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QUESTION OF THE WEEK: Rate the Ad

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Two Escalators Up?
T-Mobile is bringing you "out." Are you leaving it out or are you taking it in? Cast your vote on the Rate the Ad-o-mometer's six-degree scale of excellence, with 5 being the top score: 5 World-changing, 4 Outstanding, 3 Good, 2 Forgettable, 1 Actively annoying, 0 The worst. And feel free to offer your comments on the photography, the art direction, the copy, the concept, the tagline, the logo, the logo, whatever. Click here to play.

Dark Product, Light Coffee
Last week's Rate the Ad. Senseo doesn't feel quite as good on the Rate the Ad-o-mometer as its coffee is supposed to feel in your ... whatever. It managed only a 42/58 Good/Bad Ratio comparing the top half of the scale to the bottom half with a memorable 41% of votes in the Forgettable slot. The photography is a big problem here, as you might expect. There are, indeed, some pollees who think this is a great product shot, but there are many more who need two cups of joe to even begin to figure out what they're looking at. Moreover, few are fond of the Euro-snoot angle and even fewer can tolerate the tagline. Anyway, here are the results.

5 World-changing 1%
4 Outstanding 16%
3 Good 25%
2 Forgettable 41%
1 Actively annoying 14%
0 The worst 3%

And here are some of our fave responses.

2 This photo looks like some type of spaceship is spitting out my one cup of coffee in the morning. Not to mention putting a black coffeemaker on a black background really makes this machine pop.

4 Nice photography.

2 A tag that sucks as much as the copy!

2 That cup of joe appears no better than instant. Why do I want this?

1 The design of the coffeemaker isn't featured as much as the headline suggests it ought to be. It looks like I'm looking at the top of a Thermos. There's something wrong when you have a product shot at the bottom that acts as a footnote to let the reader know what the product actually looks like.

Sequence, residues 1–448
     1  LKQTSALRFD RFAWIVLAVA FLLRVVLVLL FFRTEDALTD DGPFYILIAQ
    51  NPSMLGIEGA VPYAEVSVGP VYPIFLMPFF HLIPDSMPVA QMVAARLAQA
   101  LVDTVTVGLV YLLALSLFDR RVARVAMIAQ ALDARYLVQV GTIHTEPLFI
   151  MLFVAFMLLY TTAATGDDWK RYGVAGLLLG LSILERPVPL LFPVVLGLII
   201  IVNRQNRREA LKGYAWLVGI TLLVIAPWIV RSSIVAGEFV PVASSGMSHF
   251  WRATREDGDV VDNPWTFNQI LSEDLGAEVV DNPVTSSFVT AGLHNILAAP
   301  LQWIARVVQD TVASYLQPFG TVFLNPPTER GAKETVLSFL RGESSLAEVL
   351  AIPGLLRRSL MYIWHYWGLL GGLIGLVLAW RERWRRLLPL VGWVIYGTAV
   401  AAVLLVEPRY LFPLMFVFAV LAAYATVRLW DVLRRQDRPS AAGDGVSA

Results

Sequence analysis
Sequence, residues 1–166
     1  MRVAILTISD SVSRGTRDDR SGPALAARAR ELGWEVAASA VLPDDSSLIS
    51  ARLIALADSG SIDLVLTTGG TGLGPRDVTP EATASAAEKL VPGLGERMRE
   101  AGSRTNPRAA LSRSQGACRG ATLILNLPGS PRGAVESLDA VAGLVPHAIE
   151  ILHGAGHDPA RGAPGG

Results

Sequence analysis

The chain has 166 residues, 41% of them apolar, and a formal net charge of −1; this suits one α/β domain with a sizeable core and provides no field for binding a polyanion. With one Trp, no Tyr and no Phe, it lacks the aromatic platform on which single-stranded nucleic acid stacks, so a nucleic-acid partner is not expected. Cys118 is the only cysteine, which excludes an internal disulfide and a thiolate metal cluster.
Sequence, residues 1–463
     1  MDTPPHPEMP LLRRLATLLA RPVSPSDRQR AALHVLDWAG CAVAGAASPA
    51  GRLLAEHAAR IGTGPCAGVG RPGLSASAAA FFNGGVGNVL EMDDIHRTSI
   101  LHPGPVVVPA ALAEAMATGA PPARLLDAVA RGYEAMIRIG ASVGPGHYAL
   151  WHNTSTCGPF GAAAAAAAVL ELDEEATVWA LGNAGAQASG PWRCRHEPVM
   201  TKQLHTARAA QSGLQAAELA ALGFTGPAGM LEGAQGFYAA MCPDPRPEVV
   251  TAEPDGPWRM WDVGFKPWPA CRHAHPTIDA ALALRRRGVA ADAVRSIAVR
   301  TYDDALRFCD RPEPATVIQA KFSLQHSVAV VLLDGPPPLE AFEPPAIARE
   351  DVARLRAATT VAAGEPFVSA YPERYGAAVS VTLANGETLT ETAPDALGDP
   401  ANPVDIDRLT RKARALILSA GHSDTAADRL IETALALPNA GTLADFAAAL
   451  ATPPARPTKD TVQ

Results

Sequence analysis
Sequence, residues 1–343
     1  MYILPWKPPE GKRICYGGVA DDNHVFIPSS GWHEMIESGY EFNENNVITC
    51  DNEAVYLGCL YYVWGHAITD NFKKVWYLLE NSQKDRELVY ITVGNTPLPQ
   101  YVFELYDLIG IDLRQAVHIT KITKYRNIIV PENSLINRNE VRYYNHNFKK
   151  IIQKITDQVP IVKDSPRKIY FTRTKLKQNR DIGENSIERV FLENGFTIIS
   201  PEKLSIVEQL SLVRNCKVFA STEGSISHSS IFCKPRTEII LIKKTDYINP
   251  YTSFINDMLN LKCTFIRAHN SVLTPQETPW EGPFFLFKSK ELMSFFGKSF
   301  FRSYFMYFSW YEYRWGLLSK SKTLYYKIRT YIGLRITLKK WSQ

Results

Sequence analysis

1 Making fun of my coffeemaker is not a way to introduce me to my future coffeemaker. Nice photo, bad writing.

4 The photographer really did make this coffeemaker look like art! Very nice.

4 I don't drink coffee, but this ad makes me want to go out and buy one of these.

3 For something I can't see, making something else look bad is impressive.

0 And I'm sure you didn't set out to make this ad look bad ... but you did.

3 The overhead perspective is a good layout decision.

2 Such a streamlined product with such a cluttered afterthought of layout on the bottom.

1 Lose the Europe thing. Here in Finland, more coffee is consumed per capita than in any other European nation, and not a single bloody person can make a proper cup. Plenty of Europeans know jack about coffee.

1 Eight million Europeans also think that Jerry Lewis is a genius.

1 If I've learned one thing from the movies, it's that pods are for evil mind control and cloning.

1 Let's get a weak cup of coffee selling a machine we don't show and apologize for it. Awesome. Oh, and let's have three logos and a thumbnail, just so it looks crowded.

2 This ad would have more impact if someone would pour a steaming hot cup of java on my crotch while I read it.

1 My coffeemaker looks bad? Then why are you afraid to pull yours out of the shadows and show it? All I see is a friggin' coffee cup.

0 From this angle it looks like a black toilet with the lid up.

4 High marks for visual trickery. I've seen one of these in Target and it looks pretty much like any other pod machine. Shooting from above, with the frothy single cup, gives the impression that it's something special. Which it's not.

2 Shouldn't there be some reference to the taste of the coffee? I understand form over function, but selling coffee and its aroma to a coffee lover is so easy.

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